The Best and Worst Trail Shoes of 2021

adidas Speed Ultra

I get to review and test a great deal of shoes and 2021 has been no different. Some shoes really stand out and get used all the time and others fade to a dark and lonely place in my shoe cupboard.

So, what has been the highlights and low points of 2021?

First and foremost, I need to clarify that I haven’t tested ‘every’ shoe that is out there to be tested, so, this is very much an opinion post. Importantly, what I have done is tested shoes from zero drop to 10mm drop and shoes with minimal to maximal cushioning.

For perspective, I am happy to run in shoes with varying drop as I really believe that not only is it good for the body, but I also believe that certain drops and better for certain distances and terrain. A good example being, if I were to be running longer, I’d prefer a higher drop, say 8mm. But if running shorter and faster, I’d be more than happy to be in a lower drop, say 4mm. The same applies for cushioning, I am happy with les cushioning for shorter distances and a little more cushioning for longer distances.

Outsole varies considerably and therefore when considering ‘the best’ one must caveat that the shoe is the best for a typical type of terrain and conditions. However, some shoes can be a ‘jack-of-all-trades’ and manage to do a little bit of everything.

I am a neutral runner, so, the shoes listed fit in that category. Regarding shoe width, I am fortunate that I can squeeze my feet in most shoes and I accept and am happy to have my toes a little cramped for a very specific shoe that needs to excel on technical terrain. I appreciate that for some people, that is not an option or a choice, so keep that in mind.

Read an in-depth article about How to Find Your Running Shoe Size and Fit.

Finally, you may well agree and disagree with my shoe choices below. Perfectly normal, gladly there are many, many shoes out in the marketplace with different drops, cushioning, fit, outsoles and so on.

THE BEST TRAIL SHOES

adidas Speed Ultra

This shoe has been a revelation in 2021. It has managed to encompass so many key elements that make a shoe stand out. They are light, responsive, fun to run in, offer a great fit, have a wider toe box and are cushioned. Designed in conjunction with Tom Evans, Adidas and Tom wanted a shoe that could excel at Western States. So, the shoe had to be good for 100-miles but did not require an aggressive outsole. The Continental outsole is almost road like and for some, potentially too minimal. However, the grip is superb and for trail running; superb. On dry and wet rock, the grip has never faltered, in mud grip is compromised. The Speed Ultra has been my ‘go-to’ shoe of 2021 and has been on many varied terrains and always provided a superb ride. They have even been an excellent road shoe. There are few downsides to the Speed Ultra, but the lack of a rock plate does mean that occasionally you can feel the ground beneath you a little more than desirable. Read the full review HERE.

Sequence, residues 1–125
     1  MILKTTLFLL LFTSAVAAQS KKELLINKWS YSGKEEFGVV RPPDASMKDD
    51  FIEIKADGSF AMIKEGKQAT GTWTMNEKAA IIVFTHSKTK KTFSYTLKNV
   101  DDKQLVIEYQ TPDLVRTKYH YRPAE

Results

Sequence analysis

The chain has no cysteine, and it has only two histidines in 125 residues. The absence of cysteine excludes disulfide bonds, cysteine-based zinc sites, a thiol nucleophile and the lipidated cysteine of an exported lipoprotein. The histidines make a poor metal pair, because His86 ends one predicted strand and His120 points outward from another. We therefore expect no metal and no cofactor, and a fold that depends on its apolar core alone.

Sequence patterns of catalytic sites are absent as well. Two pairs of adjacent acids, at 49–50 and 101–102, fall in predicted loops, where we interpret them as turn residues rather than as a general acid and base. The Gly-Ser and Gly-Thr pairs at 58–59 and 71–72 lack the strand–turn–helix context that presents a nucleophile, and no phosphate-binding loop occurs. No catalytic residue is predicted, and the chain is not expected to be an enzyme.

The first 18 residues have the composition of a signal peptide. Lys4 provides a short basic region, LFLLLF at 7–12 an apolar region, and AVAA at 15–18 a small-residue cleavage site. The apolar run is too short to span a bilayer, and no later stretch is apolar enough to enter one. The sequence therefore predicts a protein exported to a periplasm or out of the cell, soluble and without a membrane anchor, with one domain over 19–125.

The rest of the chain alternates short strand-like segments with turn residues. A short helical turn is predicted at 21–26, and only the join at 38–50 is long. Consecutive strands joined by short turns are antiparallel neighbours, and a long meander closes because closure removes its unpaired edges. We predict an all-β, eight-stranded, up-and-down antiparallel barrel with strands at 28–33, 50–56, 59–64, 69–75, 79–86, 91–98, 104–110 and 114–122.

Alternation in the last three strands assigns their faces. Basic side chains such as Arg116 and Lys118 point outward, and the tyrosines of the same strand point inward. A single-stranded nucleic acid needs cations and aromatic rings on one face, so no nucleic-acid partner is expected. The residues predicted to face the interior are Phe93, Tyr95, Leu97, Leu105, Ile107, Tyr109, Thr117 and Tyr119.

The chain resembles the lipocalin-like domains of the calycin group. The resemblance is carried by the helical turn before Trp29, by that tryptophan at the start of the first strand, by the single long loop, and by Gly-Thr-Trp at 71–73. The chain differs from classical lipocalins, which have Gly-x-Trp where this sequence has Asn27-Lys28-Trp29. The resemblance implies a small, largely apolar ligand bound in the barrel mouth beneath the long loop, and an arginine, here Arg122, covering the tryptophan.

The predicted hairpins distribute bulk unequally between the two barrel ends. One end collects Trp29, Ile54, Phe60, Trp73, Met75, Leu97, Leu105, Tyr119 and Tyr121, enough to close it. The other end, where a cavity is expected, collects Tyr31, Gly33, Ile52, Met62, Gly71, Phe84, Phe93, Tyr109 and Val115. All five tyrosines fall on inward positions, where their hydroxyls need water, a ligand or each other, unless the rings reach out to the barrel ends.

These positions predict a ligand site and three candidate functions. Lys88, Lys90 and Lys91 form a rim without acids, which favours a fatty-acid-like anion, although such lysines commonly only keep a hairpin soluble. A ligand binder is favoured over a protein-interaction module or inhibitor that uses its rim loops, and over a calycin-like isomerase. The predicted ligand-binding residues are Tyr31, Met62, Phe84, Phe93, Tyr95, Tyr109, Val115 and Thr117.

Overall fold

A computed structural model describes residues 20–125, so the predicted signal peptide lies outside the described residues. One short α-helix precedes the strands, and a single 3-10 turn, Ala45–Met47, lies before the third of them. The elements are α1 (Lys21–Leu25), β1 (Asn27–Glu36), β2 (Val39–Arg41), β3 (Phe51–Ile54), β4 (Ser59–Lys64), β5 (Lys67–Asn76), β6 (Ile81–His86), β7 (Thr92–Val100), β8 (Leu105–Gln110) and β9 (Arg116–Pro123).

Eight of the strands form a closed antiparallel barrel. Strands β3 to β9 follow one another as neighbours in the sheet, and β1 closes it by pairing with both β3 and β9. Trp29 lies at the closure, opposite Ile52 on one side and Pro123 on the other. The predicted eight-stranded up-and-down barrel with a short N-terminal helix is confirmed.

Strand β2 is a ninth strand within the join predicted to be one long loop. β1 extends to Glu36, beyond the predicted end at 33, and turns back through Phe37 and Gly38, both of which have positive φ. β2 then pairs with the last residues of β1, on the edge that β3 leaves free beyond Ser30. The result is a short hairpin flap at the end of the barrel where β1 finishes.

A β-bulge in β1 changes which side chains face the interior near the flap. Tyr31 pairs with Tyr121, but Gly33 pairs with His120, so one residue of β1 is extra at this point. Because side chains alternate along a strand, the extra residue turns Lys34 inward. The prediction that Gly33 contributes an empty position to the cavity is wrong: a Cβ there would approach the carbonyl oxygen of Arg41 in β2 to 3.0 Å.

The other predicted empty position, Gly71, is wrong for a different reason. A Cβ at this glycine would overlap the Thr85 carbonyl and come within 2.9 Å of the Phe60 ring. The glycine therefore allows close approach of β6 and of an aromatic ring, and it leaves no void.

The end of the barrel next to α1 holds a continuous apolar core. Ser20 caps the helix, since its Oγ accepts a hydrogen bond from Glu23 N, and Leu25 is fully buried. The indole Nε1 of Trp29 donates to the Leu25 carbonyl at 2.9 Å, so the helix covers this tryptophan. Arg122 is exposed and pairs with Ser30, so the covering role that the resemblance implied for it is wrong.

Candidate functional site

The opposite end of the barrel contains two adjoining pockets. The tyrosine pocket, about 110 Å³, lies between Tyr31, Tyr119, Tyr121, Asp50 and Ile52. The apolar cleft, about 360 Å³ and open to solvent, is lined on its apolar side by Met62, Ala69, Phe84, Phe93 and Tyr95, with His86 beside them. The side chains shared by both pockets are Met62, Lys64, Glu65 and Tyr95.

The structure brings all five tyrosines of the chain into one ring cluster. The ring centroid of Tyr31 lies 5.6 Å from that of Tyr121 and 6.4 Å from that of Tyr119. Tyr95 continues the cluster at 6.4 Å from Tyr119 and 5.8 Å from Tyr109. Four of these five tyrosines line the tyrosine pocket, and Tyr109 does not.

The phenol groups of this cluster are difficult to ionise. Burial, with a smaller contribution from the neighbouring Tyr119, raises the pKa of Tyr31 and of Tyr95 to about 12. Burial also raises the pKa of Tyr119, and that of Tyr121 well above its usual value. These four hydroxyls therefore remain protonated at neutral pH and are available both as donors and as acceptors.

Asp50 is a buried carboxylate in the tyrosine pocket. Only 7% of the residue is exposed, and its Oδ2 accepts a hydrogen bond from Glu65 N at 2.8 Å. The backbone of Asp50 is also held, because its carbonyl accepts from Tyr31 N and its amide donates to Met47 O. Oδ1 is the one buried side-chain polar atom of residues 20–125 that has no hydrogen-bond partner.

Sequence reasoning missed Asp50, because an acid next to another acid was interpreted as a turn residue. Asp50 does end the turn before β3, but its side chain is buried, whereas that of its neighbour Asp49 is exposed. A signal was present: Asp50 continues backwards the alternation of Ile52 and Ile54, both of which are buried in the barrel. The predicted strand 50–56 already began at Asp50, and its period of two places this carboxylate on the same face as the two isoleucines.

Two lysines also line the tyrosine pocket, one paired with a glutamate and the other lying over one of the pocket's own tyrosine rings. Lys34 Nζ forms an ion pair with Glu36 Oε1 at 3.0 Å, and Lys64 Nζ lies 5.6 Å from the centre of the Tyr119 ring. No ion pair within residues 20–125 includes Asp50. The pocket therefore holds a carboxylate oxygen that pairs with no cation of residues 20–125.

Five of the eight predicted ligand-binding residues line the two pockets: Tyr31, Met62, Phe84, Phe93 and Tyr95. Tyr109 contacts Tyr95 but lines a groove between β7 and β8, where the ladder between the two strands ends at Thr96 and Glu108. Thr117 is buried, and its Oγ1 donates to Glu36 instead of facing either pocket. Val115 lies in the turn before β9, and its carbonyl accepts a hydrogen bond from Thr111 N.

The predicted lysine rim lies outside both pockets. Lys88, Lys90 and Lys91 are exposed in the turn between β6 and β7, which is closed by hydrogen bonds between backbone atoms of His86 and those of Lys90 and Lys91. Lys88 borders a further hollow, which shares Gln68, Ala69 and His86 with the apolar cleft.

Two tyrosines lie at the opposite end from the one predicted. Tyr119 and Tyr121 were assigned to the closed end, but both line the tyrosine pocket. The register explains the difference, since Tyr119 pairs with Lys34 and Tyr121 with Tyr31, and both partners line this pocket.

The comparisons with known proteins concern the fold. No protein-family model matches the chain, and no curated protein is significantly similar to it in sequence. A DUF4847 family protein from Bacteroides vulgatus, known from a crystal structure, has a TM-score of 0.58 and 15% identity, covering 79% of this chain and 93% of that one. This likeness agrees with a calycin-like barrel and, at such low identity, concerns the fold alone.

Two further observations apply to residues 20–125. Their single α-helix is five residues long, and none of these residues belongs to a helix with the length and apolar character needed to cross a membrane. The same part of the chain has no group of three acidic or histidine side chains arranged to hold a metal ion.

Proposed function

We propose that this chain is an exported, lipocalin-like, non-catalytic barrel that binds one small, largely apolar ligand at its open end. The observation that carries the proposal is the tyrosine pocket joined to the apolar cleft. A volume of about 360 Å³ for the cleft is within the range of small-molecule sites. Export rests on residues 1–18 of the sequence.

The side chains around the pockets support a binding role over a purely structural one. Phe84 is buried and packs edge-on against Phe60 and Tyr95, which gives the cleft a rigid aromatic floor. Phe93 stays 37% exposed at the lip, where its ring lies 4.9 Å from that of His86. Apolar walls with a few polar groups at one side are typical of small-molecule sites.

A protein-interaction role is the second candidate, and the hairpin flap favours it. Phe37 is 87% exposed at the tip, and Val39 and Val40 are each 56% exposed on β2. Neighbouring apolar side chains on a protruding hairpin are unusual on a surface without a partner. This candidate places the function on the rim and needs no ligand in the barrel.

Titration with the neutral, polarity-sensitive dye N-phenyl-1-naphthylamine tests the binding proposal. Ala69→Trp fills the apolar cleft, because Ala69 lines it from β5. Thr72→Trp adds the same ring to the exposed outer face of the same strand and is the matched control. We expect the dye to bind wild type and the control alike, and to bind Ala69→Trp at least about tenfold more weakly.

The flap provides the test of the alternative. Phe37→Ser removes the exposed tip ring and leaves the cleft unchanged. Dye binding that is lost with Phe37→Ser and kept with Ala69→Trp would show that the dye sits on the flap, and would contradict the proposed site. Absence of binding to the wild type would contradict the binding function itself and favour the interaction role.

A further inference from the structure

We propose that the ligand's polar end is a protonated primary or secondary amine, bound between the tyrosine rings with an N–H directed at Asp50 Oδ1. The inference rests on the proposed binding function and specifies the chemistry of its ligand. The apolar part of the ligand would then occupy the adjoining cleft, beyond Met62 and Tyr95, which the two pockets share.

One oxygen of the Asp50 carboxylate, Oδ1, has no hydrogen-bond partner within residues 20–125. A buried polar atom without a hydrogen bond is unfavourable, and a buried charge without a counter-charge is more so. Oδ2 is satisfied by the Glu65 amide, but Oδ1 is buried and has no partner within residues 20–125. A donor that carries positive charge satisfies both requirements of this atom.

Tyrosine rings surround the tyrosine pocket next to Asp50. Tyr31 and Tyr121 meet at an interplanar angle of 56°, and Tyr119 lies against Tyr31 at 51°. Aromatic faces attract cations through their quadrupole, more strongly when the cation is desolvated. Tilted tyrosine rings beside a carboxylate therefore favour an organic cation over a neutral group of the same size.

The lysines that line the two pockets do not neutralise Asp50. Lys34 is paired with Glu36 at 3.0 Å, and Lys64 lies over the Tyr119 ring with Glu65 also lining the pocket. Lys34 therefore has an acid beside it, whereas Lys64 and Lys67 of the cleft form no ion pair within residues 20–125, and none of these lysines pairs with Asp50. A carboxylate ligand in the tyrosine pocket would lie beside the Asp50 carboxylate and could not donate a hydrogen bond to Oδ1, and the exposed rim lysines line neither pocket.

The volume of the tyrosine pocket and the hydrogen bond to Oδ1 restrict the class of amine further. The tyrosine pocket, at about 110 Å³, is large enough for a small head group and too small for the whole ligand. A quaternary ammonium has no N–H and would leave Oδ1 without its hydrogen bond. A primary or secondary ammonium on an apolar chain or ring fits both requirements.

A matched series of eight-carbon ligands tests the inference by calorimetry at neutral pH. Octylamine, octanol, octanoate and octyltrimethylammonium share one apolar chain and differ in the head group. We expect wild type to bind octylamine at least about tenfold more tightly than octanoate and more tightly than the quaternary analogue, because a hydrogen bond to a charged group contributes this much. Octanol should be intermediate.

Hoka One One Torrent 2

I was the first person to bring Hoka in to the uk, way back in 2009. I used them constantly for many years but in 2012 I defected. It has taken almost 10-years for me to lace up a pair of Hoka’s again and it was actually the adidas Speed Ultra that tempted me to try the Torrent 2. I was told by many that the Torrent 2 was the least cushioned and potentially most ‘normal’ type trail shoe that Hoka made. They were right. Out of the box the Torrent 2 has excelled, and they have been in a constant rotation with my Speed Ultra. The outsole is more aggressive than the Speed Ultra and therefore open a few more options when it comes to varied terrain. However, I will say that on wet rock the grip is bad. I wished Hoka had used Vibram MegaGrip instead of their own outsole. But if you stick with dry trail or even muddy trail, the Torrent 2 performs exceptionally well. Despite the stack height (still low for a Hoka) they give great ground feel and stability. The toe box has good space and the foot hold is superb. Read the full review HERE. I will make a note here that the Zinal was also a consideration. It has many Torrent 2 features but for me a firmer and harder ride. I preferred the Torrent 2 but you may well think the Zinal preferable.

THE BEST MOUNTAIN/ AGGRESSIVE SHOES

VJ Sport ULTRA

When you need grip, no other brand offers an outsole like VJ Sport. The soft and grippy butyl is just superb. Over the years I have constantly raved about their shoes, be them the iRock, XTRM or the MAXx. However, the one downside (for many) was a fit that was too narrow and not enough cushioning. Enter the Ultra. VJ listened and came up with a light mountain shoe that instantly felt like a VJ but with that wider toe box and additional cushioning. Many would never consider running UTMB or similar in a VJ MAXx but the Ultra now gives that option. You get the best of both worlds, cushioning and the best grip on the planet. I will say that the cushioning is not as plush as I would have maybe liked, however, they do bed in a become a little softer with use. Read the review HERE.

adidas Speed Pro SG

The soft-ground terrain that inov-8 excelled and dominated in has now been impacted upon by many brands offering their own incarnations of grippy and aggressive outsoles to tackle sloppy terrain. The VJ Sport iRock is without doubt a consideration when looking for an SG shoe. Constantly, one of the biggest complaints from many runners is that most SG shoes have narrow toe boxes. Step in the adidas Speed Pro SG. This shoe has a wide toe box, lightweight upper, cushioning and 7mm lugs for the muddiest and gnarliest terrain. The fit and feel is excellent and the grip superb. It’s not a shoe you’d want to spend all day in but if moving fast over technical, muddy and challenging terrain is your thing, this shoe is a great addition. Read the review HERE.

THE BEST RUNNING BOOTS

La Sportiva Cyklon